With neon and nostalgia, a giant root beer mug returns to its perch in LaPlace
From Nola.com: In LaPlace, one of the river parishes communities hardest hit by hurricane Ida last year, the vintage burger spot the LaPlace Frostop (411 E. Airline Highway, LaPlace, (985) 652-6361) was among the first wave of local businesses to get back open. But while it served up burgers quick, something was missing from the Airline Highway restaurant.
A giant frosty root beer mug has stood atop this Frostop through six decades, a neon-laced emblem of Americana that has helped make the restaurant a roadside landmark.
Hurricane Ida’s fierce winds blew the mug off its pedestal; it landed in tatters a good distance from its original perch.
‘Elvis stayed here’ motel listed for sale in Clinton
From The Journal Record: HotelBrokerOne recently listed the historic Trade Winds Inn for sale in Clinton.
The 82-room motel, just off Interstate 40, stands adjacent to the Route 66 Museum. However, its greatest claim to fame is that it was a preferred stopping place of Elvis Presley in the 1960s. Clinton has a distinction that made it perfect for The King and his entourage; it is the approximate halfway point between Las Vegas and Graceland in Memphis.
Philly’s Neon Museum to close less than 2 years after it opened
From WHYY: The Neon Museum of Philadelphia, which opened last year at 1800 North American Street in Kensington, will close in December.
“We’re seeking a new home for the collection that allows it to stay unified, local, and publicly accessible,” the museum said in announcements made on Instagram and Twitter.
Museum manager Alyssa Shea said the new organization was not able to generate the revenue needed to survive its first two years.
Memo’s Hot Dogs, A Pilsen Mainstay For 65 Years, Closes Amid Showdown With City Over Mural
From Block Club Chicago: PILSEN — Another beloved restaurant on Pilsen’s 18th Street has closed because of a dispute with the city over a mural painted on the restaurant.
Memo’s Hot Dogs, 1447 W. 18th St., closed over the weekend, but owners are hoping a they can reach an agreement with the city to reopen soon. Memo’s is one of the neighborhood’s oldest establishments, having been owned by three different generations of families since 1956, according to current owners Gerardo and Jeanette Garza.
The restaurant hasn’t been able to renew its business license and has been slapped with fines because city inspectors have taken issue with the large, colorful mural on the exterior of restaurant, the owners said.
Tracing the History of the Green Book in Southern California
From Jalopnik: Being drivers in the 21st century, modern technology has allowed us to have tons of information at our disposal. From travel times with ETAs that are accurate down to the minute to real-time traffic information, many of us take these conveniences for granted. It wasn’t always this way, as those of us who used to print out Mapquest directions recall. But consider that, just over half a century ago, paper maps and travel guides existed to keep certain portions of the population safe while they were out driving. The Negro Traveler’s Green Book, sometimes known as The Negro Motorist Green Book, was that guide. For 30 years, it provided information to help Black drivers navigate America’s roads safely.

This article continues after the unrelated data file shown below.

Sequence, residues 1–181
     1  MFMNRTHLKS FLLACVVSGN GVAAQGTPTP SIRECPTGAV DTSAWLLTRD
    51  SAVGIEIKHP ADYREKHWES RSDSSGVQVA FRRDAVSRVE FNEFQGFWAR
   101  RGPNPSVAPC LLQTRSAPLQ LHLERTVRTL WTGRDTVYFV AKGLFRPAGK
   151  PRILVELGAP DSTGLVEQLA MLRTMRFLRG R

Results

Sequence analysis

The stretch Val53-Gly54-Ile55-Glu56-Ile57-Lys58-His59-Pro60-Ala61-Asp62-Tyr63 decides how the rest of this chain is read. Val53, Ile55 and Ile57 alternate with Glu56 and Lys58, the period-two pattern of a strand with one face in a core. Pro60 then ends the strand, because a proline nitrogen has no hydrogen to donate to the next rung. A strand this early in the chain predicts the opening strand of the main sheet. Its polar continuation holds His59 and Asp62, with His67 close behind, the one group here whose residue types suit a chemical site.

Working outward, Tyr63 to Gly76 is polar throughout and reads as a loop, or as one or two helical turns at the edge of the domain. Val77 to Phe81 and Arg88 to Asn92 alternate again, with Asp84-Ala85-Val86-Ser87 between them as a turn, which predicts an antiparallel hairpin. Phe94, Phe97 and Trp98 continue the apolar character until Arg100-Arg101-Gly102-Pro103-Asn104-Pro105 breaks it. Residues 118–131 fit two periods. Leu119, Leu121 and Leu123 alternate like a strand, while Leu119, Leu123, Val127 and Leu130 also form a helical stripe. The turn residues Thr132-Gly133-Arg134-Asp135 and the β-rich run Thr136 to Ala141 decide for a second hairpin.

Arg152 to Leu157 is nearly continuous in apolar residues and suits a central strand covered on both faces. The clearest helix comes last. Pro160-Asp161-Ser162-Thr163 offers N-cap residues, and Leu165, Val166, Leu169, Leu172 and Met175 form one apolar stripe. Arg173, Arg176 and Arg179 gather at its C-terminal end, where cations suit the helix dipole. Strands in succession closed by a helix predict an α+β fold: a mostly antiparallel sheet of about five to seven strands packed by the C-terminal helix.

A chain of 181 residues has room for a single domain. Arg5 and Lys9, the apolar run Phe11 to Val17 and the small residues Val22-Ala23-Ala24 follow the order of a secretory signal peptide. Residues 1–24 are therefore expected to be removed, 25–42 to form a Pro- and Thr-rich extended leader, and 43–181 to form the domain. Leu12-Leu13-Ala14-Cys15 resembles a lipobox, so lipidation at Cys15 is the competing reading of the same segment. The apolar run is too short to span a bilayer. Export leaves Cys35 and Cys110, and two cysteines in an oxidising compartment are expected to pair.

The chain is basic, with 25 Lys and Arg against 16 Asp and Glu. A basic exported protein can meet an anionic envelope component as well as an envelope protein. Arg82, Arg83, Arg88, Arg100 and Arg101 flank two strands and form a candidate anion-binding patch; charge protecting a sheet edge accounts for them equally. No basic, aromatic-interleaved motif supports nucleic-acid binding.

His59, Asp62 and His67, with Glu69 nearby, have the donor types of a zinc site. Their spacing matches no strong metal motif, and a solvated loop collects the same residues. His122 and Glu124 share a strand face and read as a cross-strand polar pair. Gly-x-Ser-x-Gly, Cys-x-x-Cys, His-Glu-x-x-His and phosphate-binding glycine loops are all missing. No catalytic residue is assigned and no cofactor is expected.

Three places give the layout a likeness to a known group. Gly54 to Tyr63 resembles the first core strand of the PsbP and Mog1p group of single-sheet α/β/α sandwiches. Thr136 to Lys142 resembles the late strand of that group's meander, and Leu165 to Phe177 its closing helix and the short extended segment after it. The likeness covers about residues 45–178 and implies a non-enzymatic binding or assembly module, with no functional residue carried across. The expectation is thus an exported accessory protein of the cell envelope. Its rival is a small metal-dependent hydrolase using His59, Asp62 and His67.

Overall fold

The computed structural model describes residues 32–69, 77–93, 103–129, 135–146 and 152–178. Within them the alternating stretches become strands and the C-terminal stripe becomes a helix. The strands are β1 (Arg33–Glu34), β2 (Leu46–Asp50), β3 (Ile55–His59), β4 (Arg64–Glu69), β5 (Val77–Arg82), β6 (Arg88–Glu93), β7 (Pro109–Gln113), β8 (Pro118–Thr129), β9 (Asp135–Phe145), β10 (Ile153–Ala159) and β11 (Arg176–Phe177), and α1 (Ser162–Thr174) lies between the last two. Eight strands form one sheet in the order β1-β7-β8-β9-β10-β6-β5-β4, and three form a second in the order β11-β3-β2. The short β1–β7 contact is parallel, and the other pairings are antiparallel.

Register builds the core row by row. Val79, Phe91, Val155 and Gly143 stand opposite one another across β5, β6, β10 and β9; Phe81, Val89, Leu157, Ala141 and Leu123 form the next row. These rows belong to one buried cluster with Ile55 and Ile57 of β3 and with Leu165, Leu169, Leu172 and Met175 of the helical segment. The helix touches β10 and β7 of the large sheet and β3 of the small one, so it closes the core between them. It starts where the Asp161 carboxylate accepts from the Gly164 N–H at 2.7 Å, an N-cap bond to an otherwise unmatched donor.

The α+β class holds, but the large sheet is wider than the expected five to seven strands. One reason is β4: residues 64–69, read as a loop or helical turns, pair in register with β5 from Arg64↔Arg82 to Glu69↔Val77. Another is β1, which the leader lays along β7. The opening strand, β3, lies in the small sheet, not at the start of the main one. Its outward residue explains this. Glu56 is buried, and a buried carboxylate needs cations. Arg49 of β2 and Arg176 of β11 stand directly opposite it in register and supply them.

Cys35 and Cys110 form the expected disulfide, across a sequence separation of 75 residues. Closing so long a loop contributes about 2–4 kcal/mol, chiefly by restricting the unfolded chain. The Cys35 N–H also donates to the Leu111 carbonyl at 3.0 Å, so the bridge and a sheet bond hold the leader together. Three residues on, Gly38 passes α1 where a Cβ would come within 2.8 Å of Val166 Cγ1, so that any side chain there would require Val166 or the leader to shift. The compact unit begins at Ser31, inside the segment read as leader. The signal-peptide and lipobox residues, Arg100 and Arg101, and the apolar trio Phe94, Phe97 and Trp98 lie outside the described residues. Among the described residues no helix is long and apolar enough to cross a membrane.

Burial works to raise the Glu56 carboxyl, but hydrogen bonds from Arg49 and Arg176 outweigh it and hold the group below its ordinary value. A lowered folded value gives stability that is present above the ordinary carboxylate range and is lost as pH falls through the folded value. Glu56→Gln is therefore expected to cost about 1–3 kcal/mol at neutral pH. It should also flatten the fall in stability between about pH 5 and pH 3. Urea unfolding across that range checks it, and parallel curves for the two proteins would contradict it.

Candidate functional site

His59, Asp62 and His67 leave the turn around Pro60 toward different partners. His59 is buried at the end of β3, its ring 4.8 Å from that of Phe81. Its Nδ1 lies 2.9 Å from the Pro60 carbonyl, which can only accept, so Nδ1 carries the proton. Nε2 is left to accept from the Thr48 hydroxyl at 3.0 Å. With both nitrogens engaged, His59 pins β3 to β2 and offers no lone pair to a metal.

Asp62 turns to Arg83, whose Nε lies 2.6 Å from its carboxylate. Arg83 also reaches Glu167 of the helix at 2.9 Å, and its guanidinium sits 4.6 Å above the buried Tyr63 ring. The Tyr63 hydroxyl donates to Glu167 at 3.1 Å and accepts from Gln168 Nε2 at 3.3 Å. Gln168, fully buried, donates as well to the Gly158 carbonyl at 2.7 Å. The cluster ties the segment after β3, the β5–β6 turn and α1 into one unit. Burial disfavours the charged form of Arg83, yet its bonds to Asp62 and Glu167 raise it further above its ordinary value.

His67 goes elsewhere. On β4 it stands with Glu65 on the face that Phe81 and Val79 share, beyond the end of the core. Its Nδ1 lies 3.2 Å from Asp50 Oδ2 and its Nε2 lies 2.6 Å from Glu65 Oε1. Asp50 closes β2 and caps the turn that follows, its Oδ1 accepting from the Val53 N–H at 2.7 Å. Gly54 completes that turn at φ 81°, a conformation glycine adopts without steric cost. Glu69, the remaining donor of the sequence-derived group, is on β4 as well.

Jalopnik has written about the Green Book in the past, and the 2018 movie Green Book informed a new generation of the existence of these guides. California alone had more than 80 businesses listed in the Green Book over the years — restaurants, hotels, gas stations and more, all known for being friendly to Black travelers. I wanted to dig deeper, to find out if any of these businesses were still around today.
Legend City: An Oral History of Phoenix’s Iconic Bygone Theme Park
From the Phoenix New Times: John Bueker’s cache of Legend City memorabilia would make any fan of the long-defunct local theme park jealous. Inside his home office, there are posters, maps, and concept art depicting its attractions. In the kitchen, old signage from an ice cream parlor at the park decorates the walls. And wandering aimlessly is an energetic teacup poodle previously owned by the late Louis Crandall, Legend City’s founder.
Right now, Bueker is pointing out various souvenirs in a 6-foot-tall curio cabinet while it’s gotten harder to score even more treasures these days.
“Legend City stuff has really dried up on eBay lately because it’s gone up in value and [people] are holding onto it, or they remember the park from their childhoods and want a piece,” he says.